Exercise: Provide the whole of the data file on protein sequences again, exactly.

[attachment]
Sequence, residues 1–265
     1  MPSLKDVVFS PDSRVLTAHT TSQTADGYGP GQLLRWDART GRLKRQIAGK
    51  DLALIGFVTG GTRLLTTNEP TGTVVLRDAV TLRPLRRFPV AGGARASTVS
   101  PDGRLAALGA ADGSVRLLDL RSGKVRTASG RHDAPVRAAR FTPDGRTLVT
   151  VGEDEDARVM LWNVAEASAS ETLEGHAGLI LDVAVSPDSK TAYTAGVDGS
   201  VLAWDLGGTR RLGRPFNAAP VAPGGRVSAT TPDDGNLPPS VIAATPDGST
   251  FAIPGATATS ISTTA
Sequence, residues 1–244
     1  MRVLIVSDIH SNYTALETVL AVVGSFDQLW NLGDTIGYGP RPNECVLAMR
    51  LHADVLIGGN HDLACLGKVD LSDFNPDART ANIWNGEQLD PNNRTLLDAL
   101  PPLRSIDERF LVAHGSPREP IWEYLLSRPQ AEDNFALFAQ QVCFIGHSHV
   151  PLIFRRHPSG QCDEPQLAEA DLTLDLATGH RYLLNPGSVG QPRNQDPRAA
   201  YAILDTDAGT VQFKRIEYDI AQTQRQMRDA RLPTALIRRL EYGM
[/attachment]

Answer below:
Sequence, residues 1–265
     1  MPSLKDVVFS PDSRVLTAHT TSQTADGYGP GQLLRWDART GRLKRQIAGK
    51  DLALIGFVTG GTRLLTTNEP TGTVVLRDAV TLRPLRRFPV AGGARASTVS
   101  PDGRLAALGA ADGSVRLLDL RSGKVRTASG RHDAPVRAAR FTPDGRTLVT
   151  VGEDEDARVM LWNVAEASAS ETLEGHAGLI LDVAVSPDSK TAYTAGVDGS
   201  VLAWDLGGTR RLGRPFNAAP VAPGGRVSAT TPDDGNLPPS VIAATPDGST
   251  FAIPGATATS ISTTA
Sequence, residues 1–244
     1  MRVLIVSDIH SNYTALETVL AVVGSFDQLW NLGDTIGYGP RPNECVLAMR
    51  LHADVLIGGN HDLACLGKVD LSDFNPDART ANIWNGEQLD PNNRTLLDAL
   101  PPLRSIDERF LVAHGSPREP IWEYLLSRPQ AEDNFALFAQ QVCFIGHSHV
   151  PLIFRRHPSG QCDEPQLAEA DLTLDLATGH RYLLNPGSVG QPRNQDPRAA
   201  YAILDTDAGT VQFKRIEYDI AQTQRQMRDA RLPTALIRRL EYGM